Associated Press/Louis Lanzano
Former Goldman Sachs Group Inc. executive Fabrice Tourre, right, enters Manhattan federal court on the first day of his trial, Monday, July 15, 2013, in New York
Fabrice Tourre, an ex-Goldman Sachs VP who made $2 million when he was just 28, was found liable for fraud after his lawyers used a strategy some legal experts called very risky.
His lawyers didn't call a single witness to defend him in the SEC's civil case accusing him of misleading investors in a mortgage deal called Abacus 2007-AC1.
The young Tourre, who was the only Goldman exec to go to trial over the deal, has been called a mere "cog" in the Goldman machine.
Many lawyers predicted the SEC would lose the case .
"Mr. Tourre’s lawyers put on the Arthur Fonzarelli defense — “Aaaayy” — by resting without calling any witnesses. This is a high-risk strategy that tells the jury the opponent’s case is so weak that the opponent need not deign to respond," law professor Peter Henning wrote in The New York Times on Friday.
However, Tourre's lawyers — a high-power team bankrolled by Goldman — probably had some good reasons for deciding not to call a single witness. For one thing, the SEC's lawyers would have cross-examined any witnesses the defense put on the stand.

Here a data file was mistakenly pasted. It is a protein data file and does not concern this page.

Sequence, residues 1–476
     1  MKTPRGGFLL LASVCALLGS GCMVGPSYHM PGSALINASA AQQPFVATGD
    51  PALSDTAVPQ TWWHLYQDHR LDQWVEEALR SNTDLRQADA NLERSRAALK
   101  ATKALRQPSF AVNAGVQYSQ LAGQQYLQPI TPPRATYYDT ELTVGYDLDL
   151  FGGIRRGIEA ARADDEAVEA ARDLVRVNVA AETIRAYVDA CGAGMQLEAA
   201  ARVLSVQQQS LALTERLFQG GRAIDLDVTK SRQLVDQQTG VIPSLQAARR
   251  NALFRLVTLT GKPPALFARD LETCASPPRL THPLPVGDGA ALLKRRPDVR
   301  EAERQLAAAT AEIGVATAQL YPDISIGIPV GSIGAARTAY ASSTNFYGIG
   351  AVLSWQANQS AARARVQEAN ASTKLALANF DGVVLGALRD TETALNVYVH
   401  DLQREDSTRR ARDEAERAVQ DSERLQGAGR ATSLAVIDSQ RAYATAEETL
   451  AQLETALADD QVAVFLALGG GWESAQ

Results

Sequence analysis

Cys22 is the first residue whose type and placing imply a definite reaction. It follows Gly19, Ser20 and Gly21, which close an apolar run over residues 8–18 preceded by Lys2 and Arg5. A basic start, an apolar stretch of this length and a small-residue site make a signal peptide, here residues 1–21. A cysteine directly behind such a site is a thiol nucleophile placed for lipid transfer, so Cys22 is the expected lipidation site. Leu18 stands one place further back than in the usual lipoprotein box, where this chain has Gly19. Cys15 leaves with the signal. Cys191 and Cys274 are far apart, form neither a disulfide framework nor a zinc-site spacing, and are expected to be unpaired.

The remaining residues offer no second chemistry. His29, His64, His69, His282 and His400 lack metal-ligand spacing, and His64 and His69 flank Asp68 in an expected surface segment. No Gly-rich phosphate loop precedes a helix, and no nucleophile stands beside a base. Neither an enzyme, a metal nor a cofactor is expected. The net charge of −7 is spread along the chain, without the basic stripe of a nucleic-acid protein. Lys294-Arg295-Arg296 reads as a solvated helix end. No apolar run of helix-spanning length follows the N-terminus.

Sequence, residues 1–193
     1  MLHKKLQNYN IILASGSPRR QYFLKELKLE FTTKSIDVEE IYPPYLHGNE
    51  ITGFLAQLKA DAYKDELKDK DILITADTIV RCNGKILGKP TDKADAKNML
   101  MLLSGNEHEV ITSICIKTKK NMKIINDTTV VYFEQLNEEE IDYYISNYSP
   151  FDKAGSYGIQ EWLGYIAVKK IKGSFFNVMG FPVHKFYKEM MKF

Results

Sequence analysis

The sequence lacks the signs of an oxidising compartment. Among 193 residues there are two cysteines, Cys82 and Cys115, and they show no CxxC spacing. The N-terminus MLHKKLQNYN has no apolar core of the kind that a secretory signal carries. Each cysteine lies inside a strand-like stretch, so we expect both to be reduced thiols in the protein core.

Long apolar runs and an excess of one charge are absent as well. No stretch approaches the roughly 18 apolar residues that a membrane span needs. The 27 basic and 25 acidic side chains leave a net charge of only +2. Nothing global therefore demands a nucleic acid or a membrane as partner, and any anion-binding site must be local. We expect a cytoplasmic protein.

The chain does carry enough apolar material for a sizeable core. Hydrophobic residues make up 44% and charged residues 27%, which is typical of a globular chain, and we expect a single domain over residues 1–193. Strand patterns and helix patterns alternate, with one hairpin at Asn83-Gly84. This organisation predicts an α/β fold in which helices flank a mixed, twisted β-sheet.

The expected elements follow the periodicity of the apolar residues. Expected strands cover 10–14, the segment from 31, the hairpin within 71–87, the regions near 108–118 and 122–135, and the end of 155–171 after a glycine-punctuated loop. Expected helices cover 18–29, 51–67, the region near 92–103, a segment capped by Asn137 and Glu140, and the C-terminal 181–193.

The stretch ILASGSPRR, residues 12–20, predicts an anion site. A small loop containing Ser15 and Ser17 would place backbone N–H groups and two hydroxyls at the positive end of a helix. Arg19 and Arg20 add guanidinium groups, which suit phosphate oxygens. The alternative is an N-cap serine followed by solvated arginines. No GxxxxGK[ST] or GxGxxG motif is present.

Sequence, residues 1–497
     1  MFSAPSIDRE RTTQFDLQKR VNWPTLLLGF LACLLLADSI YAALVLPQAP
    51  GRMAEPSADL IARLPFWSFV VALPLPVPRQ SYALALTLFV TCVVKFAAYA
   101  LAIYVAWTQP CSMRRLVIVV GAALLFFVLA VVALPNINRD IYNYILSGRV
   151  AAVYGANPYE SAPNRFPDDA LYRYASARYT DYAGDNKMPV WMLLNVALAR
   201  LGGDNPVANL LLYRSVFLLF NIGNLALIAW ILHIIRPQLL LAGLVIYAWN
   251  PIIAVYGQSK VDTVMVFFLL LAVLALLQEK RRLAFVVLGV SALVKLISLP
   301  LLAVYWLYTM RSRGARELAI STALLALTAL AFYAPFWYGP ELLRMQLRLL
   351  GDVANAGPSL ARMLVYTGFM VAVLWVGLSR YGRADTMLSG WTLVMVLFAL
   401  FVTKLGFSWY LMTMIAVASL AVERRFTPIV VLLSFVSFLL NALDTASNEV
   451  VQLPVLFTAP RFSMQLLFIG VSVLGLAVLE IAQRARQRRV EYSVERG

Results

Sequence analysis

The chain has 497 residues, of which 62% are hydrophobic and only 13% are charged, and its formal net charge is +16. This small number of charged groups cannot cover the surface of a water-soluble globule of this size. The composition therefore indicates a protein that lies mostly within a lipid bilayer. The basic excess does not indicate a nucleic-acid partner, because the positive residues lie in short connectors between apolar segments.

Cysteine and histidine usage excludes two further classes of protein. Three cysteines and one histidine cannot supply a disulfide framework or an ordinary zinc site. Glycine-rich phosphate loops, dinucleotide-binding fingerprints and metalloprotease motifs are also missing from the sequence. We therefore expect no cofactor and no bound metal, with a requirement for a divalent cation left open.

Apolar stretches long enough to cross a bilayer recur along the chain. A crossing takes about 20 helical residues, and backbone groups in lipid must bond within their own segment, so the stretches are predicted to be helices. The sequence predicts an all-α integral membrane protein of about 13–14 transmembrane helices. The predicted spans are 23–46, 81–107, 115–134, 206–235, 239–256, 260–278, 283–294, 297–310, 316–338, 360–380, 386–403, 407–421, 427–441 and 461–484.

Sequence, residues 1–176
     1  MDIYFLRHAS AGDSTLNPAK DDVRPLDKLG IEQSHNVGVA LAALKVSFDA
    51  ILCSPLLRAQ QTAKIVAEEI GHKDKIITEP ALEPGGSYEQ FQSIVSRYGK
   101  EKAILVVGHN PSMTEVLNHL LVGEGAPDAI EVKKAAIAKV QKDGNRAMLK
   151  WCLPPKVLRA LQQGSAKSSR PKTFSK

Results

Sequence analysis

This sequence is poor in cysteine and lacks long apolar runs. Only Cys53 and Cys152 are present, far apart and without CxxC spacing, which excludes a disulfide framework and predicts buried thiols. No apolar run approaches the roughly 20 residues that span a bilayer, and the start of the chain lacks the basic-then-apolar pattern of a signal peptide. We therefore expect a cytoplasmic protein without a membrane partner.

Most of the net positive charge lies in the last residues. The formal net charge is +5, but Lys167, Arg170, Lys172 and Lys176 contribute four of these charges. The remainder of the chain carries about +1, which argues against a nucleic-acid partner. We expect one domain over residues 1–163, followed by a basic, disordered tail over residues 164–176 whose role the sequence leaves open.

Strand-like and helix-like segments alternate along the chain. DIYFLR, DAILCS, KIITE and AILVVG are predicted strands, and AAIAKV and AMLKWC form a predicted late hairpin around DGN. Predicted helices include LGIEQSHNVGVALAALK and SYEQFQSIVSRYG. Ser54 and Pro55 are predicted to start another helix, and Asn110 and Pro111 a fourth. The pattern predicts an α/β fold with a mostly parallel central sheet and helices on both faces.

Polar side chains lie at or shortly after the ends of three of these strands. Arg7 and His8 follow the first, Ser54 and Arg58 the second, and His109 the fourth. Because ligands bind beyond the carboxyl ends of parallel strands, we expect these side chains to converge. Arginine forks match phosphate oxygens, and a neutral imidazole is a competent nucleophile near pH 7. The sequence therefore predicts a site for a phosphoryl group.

"It is not unheard of that a defense witness does more harm than good for your case," white collar defense lawyer Barry Slotnick told Business Insider.
The other reason Tourre's lawyers didn't call any witnesses is because Tourre himself was called to the stand by the SEC. The government can't force defendants to testify in criminal cases, but it can in civil ones like the fraud case brought against Tourre.
Since he was technically the government's witness, Tourre's lawyers were able to make their case by "cross-examining" him, says Solomon Wisenberg, co-chair of the white collar defense group at Barnes & Thornburg.
"Obviously, they thought he was their best witness," Wisenberg told BI.
It's impossible to know whether his lawyers' decision not to call any defense witnesses (Tourre was a prosecution witness) was to blame for the outcome of the case.
"There is no question that the economic climate and the prevalent anti-business attitude played a part in the verdict," Slotnick says. "We expect an appeal."
Because this is a civil case, Tourre does not face any jail time. He could be barred from the securities industry, though, and have to pay hefty civil fines.
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